Wednesday, May 12, 2010

King of the Jazz Age Literature

The author of The Great Gatsby, Francis Scott Key Fitzgerald, was born on September 29,1896 in St. Paul, Minnesota. He started writing in the school newspaper as a young thirteen year old boy when he entered St. Paul Academy. When he attended the Newman school, a Catholic Prep School in New Jersey, Father Sigourney Fay encourage Fitzgeral to follow his dreams and ambitions. Later on, he went to Princeton and strengthened his writing abilities.

In 1917, he joined the army to fight in WWI and was assigned to Camp Sheridan in Alabama. In Alabama, he fell in love with Zelda Sayre, but after she rejected his marriage proposal due to his lack of success, he went back to St. Paul to work on one of his novels, This Side of Paradise.
After his novel was published, he became wealthy and successful enough to marry Zelda in New York. He moved to an apartment in New York City and worked on his second novel, The Beautiful and the Damned.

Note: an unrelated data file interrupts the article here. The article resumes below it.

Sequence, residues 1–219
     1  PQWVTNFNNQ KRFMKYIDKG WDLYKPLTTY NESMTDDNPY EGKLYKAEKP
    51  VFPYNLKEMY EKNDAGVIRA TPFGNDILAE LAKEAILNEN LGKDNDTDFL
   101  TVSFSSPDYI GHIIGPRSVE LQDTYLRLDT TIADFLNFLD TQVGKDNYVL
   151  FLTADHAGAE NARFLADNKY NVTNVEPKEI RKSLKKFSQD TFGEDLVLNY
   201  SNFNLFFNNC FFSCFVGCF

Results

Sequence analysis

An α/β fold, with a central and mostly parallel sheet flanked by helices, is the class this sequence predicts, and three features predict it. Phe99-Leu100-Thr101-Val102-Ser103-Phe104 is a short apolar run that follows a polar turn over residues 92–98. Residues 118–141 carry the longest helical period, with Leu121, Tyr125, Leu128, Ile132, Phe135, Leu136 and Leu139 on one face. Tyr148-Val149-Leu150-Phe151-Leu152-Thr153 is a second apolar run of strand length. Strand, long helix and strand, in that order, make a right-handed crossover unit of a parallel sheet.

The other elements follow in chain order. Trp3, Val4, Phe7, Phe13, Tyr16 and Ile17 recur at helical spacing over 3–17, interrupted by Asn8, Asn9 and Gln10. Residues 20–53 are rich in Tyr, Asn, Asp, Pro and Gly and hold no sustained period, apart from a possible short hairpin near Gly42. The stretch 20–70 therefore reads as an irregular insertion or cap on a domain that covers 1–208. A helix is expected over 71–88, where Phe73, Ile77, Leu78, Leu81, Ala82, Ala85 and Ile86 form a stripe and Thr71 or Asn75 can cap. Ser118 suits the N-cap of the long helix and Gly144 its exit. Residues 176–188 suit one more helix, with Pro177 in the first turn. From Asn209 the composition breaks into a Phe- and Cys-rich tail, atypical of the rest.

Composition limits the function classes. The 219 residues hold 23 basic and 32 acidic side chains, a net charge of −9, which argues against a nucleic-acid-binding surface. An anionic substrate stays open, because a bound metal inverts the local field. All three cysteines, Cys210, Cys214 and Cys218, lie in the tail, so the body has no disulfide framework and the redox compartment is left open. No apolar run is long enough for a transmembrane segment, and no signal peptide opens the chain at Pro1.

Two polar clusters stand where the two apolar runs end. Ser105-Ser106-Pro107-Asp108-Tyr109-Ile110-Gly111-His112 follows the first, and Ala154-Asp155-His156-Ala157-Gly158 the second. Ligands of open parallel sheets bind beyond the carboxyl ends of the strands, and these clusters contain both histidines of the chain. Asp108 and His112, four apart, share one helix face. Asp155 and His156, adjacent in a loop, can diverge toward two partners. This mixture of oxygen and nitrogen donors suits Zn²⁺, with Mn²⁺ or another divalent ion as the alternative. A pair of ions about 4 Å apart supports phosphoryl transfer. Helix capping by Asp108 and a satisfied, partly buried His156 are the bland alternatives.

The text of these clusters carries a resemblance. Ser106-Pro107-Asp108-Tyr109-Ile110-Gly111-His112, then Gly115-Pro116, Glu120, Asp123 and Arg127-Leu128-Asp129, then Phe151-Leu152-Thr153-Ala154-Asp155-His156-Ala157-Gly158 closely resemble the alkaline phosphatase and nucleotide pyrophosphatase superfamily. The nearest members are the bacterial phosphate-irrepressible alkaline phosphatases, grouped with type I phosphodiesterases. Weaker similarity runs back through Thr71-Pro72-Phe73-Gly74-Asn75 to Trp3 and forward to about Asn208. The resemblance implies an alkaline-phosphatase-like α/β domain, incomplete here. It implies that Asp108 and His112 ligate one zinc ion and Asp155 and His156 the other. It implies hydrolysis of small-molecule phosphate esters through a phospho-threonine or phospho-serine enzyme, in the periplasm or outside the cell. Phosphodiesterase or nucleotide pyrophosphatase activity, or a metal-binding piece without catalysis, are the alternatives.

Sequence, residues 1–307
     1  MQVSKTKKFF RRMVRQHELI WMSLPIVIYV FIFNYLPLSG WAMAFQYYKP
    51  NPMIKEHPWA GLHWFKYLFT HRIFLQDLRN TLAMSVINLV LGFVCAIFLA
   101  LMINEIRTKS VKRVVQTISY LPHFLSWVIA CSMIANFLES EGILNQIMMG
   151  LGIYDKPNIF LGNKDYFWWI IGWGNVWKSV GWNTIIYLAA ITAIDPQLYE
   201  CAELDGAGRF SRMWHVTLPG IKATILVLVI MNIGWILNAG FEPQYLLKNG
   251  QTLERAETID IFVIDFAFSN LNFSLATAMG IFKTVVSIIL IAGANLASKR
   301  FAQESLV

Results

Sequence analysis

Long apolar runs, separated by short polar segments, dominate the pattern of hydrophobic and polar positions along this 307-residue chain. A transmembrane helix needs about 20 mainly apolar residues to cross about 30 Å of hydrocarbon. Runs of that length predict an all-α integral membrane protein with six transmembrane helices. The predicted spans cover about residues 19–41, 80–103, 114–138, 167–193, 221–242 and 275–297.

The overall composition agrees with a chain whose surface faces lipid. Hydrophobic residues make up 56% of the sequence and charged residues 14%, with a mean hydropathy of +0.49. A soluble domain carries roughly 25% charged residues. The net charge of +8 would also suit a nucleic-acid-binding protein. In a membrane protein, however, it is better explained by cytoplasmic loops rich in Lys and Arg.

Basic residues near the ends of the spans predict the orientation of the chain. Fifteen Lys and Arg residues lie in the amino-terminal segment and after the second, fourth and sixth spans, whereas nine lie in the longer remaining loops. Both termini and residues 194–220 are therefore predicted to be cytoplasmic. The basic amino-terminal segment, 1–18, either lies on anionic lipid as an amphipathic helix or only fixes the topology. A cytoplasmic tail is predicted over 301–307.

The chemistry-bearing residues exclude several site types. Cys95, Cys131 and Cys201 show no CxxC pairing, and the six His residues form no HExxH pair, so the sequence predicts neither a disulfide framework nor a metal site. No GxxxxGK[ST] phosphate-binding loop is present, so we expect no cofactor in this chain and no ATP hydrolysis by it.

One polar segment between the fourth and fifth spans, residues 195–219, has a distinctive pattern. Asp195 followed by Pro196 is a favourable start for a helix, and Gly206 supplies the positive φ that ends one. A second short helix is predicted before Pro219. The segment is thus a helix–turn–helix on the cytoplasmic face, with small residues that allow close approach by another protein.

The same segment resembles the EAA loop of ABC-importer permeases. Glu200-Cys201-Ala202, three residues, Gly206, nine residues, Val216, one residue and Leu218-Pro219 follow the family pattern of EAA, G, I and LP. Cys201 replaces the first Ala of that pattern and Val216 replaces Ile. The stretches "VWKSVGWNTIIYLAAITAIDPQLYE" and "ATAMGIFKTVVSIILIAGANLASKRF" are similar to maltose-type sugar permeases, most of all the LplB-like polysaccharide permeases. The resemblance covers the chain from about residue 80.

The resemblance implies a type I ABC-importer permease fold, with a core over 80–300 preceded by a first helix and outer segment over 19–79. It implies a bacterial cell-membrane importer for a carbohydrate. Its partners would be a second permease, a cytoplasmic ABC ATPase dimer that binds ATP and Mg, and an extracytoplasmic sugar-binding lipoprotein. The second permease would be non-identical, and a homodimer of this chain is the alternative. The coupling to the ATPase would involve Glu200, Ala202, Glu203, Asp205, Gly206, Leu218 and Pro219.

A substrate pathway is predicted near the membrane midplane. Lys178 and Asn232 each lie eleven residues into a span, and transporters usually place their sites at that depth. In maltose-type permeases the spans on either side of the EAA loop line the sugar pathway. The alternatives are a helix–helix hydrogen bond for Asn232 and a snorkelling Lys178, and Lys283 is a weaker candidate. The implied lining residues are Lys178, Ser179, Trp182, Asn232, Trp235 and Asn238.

In 1921, Zelda became pregnant and they went back to St. Paul. Later on, their daughter, Frances Scott Fitzgerald was born.
In 1924, Fitzgerald moved to France to work on another novel, The Great Gatsby. The next year, when it was published, the sales were disappointing but movie deals brought in more money.
In 1927, he moved back to the United States and noticed that Zelda had been behaving strangely. A few years later, she had a mental breakdown and entered a clinic for treatment. Fitzgerald had to postpone writing his novel to write short stories to pay for her bills.
He wrote and published Tender is the Night, hoping to earn enough for his family but he was disappointed again. By 1936, he was continually drinking and poor, so he went to Hollywood to become a screenplay writer. He fell in love with Sheilah Graham, a columnist. He returned to writing novels and worked on The Love of the Last Tycoon, but he died from a heartattack in Sheilah's apartment on December 21, 1940.

1 comment:

  1. Another good post, but you need to cite your sources. 65/75

    Ms. Donahue